Why Is Left Silent on Obama's Gitmo Reversal?

This is a RUSH transcript from "The O'Reilly Factor," March 8, 2011. This copy may not be in its final form and may be updated.

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BILL O'REILLY, HOST: In the "Impact" segment tonight: You may remember Barack Obama saying this:


PRESIDENT OBAMA: To overcome extremism, we must also be vigilant in upholding the values our troops defend, and that is why I have ordered the closing of the detention center at Guantanamo Bay and will seek swift and certain justice for captured terrorists.


O'REILLY: But that was then. This week the president announced that military tribunals will resume and reinforced the fact that the USA has the right to detain Muslim terrorists captured overseas indefinitely at Guantanamo Bay. Now the interesting wrinkle here is that the three most liberal mainstream media outlets -- The New York Times, The Washington Post and MSNBC -- have been largely silent on the reversal.

Joining us now from West Palm Beach, Florida, Fox News analyst Karl Rove. Largely silent. The Wall Street Journal today had an editorial on it but I'm looking in the others and nothing. Why?

KARL ROVE, FOX NEWS ANALYST: Well, I think there are three or four reasons why. The first is, look, if you're on the left of American politics, Obama -- President Obama has given the left so much they don't want to be critical of him.

Second of all, he did this by an executive order. So it doesn't have the force of statute. He could have gone to the Congress and asked for statutory authority to do these things and make the minor modifications he did in the military tribunals, but instead he did it by executive order.

And then, I think the biggest reasons though are twofold. One is he gave a sop to the left by saying that he would submit to the Senate with a thing called Protocol One. This is an amendment to the 1949 Geneva Convention which blurs the line between enemy combatant and unlawful enemy combatant. It was so bad that Reagan kicked it out and it was -- and its action was editorially endorsed by The New York Times and The Washington Post. But, you know, 30 some-odd years later, Obama trying to give himself a little bit of cover.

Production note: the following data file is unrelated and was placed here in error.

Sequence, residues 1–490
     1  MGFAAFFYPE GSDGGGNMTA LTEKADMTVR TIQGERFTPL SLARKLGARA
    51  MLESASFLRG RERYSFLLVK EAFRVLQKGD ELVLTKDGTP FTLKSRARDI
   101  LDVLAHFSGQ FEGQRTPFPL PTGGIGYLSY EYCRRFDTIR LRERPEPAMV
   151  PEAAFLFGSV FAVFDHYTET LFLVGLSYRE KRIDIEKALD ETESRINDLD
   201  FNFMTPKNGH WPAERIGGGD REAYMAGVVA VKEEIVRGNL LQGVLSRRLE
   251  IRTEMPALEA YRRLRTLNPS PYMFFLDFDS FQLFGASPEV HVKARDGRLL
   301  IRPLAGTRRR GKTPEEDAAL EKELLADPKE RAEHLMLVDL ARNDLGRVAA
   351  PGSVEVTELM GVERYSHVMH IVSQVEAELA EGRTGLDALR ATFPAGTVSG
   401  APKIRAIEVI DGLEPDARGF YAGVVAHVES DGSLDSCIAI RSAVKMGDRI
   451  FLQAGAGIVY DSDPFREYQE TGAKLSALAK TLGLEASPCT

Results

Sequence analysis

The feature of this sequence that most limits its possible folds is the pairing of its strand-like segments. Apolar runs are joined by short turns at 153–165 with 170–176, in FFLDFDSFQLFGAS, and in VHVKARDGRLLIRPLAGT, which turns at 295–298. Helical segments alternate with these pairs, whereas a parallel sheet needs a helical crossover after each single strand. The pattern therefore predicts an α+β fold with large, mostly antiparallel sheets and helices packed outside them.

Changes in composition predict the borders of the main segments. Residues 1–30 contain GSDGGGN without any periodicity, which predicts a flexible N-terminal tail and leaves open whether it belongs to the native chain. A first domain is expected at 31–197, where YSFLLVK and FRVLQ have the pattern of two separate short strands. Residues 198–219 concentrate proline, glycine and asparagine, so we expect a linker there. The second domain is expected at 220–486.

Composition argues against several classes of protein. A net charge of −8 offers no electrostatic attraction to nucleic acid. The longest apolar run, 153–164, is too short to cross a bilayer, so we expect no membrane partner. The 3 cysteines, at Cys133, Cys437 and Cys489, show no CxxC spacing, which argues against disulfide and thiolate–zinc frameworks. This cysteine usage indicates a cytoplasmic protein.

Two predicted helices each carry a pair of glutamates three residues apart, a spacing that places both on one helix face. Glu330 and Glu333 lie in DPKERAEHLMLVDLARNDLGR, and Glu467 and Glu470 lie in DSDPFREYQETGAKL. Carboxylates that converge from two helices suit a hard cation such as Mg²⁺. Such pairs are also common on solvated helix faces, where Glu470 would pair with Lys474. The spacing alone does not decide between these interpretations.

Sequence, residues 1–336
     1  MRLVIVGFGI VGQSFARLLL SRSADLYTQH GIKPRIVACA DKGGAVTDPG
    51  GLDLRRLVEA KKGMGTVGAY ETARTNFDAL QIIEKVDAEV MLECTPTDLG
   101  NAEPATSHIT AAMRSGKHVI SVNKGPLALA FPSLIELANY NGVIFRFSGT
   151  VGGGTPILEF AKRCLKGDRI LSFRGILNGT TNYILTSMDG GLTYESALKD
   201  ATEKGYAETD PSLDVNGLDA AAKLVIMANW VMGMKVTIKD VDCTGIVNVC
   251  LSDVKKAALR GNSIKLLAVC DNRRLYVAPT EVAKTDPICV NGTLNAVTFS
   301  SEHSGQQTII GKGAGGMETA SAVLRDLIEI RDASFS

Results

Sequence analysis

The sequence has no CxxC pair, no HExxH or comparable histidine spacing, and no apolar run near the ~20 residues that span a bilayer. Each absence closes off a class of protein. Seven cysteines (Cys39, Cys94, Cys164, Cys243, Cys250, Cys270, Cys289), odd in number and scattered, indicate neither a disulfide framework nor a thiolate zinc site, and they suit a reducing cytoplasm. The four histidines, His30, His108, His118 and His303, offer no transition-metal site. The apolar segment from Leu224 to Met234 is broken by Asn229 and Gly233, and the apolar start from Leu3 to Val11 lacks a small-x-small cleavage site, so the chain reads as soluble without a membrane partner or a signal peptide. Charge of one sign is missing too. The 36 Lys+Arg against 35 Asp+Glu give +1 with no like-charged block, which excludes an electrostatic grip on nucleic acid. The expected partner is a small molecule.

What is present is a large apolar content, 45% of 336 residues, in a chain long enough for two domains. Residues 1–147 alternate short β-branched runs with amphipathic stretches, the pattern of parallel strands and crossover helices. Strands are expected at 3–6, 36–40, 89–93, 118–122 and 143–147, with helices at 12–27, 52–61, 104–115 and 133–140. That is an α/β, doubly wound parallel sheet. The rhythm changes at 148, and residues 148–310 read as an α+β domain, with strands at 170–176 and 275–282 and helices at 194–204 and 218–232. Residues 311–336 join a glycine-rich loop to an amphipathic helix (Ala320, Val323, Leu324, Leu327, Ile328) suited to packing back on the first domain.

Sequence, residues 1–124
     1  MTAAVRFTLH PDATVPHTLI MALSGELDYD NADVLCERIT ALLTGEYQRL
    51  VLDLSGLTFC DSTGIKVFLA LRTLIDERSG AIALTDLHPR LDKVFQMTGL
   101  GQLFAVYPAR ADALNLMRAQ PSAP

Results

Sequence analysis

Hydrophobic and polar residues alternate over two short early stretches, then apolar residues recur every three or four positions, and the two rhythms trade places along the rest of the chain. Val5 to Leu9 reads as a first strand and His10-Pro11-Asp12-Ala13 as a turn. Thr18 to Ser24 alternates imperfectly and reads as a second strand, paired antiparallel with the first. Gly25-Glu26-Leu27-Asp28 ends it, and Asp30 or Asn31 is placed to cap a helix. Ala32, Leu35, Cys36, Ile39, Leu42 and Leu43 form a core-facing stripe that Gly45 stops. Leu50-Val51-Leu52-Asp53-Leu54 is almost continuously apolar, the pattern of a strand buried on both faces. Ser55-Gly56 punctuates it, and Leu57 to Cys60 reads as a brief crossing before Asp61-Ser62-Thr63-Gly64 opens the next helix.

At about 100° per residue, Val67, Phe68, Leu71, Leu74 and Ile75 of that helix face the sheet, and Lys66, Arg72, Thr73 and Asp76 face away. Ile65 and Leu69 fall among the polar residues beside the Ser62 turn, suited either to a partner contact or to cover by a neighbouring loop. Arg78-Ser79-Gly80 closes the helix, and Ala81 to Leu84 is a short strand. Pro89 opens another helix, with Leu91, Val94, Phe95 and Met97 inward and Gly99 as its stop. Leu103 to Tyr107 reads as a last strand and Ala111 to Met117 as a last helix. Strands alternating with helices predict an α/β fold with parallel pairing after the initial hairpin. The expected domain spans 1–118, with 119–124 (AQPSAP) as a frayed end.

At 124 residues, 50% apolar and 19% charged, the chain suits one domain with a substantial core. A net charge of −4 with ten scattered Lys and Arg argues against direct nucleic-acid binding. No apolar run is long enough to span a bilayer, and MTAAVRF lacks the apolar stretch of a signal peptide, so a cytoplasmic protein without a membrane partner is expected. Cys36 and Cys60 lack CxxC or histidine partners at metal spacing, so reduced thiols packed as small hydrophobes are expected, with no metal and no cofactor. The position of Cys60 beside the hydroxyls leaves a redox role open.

And the final reason, Bill, is that -- and this probably is the most troubling of all. In a telephone call today with 9/11 families, administration spokesman said that the administration remains wedded to the idea of trying the "worst of the worst" like Khalid Sheikh Mohammed in civilian courts rather than military tribunals.

O'REILLY: But that's not going to happen. They can say that but Congress has denied funding for any of that -- a Democratic Congress had passed before the…

ROVE: That's right.

O'REILLY: But look.

ROVE: That's right.

O'REILLY: All of those things may be valid. But President Obama has to know and certainly the left in this country, both the far-left and the moderate left know, that this is a reversal. It's a simple reversal. He's going to…

ROVE: Sure. Absolutely.

O'REILLY: He's going to ramp up the military tribunals. He's going to basically defend the right of the United States to hold these people indefinitely over there and that's exactly what he said he would not do.

ROVE: Well…

O'REILLY: There's no way -- it's almost like read my lips, no new taxes.

ROVE: Yes.

O'REILLY: And then, here come the new taxes. It's the same thing.

ROVE: Yes but you're -- you -- you are making two assumptions. You said ramp up military tribunals. Let's see if he gives the military the financial resources to have the lawyers and the experts…

O'REILLY: But he says he's going to.

ROVE: …to actually ramp those up.

O'REILLY: It doesn't matter.

ROVE: Well…

O'REILLY: Perception is reality.

ROVE: …he says he was going to resume them. He said he was going to resume them.

O'REILLY: Yes, resume them.

ROVE: He didn't say he was going to ramp them up. Right.

O'REILLY: All right.

ROVE: But there's a big difference between saying go, go at whatever slow pace you can go and by God get this thing done.

O'REILLY: But there isn't a big difference in the court of public opinion, Mr. Rove. It looks like a severe flip-flop. That's what it looks like to everybody.